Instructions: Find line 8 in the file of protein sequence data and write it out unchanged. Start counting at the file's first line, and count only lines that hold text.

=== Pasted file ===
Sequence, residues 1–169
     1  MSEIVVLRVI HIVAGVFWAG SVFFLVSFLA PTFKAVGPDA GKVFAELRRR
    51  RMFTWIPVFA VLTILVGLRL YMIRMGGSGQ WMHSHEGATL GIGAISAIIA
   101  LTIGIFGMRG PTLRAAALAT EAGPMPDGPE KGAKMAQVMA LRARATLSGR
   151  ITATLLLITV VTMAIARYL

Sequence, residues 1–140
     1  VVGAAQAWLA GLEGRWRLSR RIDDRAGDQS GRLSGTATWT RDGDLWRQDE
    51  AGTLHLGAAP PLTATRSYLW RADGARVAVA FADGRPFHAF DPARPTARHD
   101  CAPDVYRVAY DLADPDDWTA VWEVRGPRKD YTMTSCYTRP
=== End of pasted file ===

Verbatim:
    51  AGTLHLGAAP PLTATRSYLW RADGARVAVA FADGRPFHAF DPARPTARHD